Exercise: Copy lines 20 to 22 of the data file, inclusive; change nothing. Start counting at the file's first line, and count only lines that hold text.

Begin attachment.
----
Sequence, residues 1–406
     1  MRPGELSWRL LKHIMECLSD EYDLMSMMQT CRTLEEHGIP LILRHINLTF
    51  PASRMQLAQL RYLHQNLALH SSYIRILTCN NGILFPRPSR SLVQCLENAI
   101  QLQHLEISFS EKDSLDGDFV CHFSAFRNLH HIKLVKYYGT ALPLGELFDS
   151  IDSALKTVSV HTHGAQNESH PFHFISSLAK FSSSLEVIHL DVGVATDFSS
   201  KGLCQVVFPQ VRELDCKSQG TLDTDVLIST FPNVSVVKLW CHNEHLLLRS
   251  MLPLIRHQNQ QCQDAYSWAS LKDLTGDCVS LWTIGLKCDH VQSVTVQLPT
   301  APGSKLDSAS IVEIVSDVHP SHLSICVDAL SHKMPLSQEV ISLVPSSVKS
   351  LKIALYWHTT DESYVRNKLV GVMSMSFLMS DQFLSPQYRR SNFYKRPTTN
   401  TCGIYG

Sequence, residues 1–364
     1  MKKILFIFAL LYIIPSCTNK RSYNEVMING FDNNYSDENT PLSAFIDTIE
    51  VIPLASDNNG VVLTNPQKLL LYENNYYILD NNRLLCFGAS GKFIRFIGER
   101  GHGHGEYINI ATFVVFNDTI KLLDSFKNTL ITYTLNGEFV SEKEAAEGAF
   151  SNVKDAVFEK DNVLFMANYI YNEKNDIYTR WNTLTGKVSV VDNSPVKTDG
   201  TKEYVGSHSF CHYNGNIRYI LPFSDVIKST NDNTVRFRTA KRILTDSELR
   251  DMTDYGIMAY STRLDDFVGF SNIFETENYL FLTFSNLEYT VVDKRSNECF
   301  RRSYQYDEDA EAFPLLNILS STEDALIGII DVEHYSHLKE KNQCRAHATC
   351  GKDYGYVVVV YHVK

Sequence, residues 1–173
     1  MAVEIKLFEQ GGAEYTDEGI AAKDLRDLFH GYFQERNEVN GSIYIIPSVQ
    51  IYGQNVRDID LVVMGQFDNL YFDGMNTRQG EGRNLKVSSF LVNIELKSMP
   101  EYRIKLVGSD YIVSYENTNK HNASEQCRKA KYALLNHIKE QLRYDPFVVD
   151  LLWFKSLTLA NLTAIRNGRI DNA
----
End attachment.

Sequence, residues 1–173
     1  MAVEIKLFEQ GGAEYTDEGI AAKDLRDLFH GYFQERNEVN GSIYIIPSVQ
    51  IYGQNVRDID LVVMGQFDNL YFDGMNTRQG EGRNLKVSSF LVNIELKSMP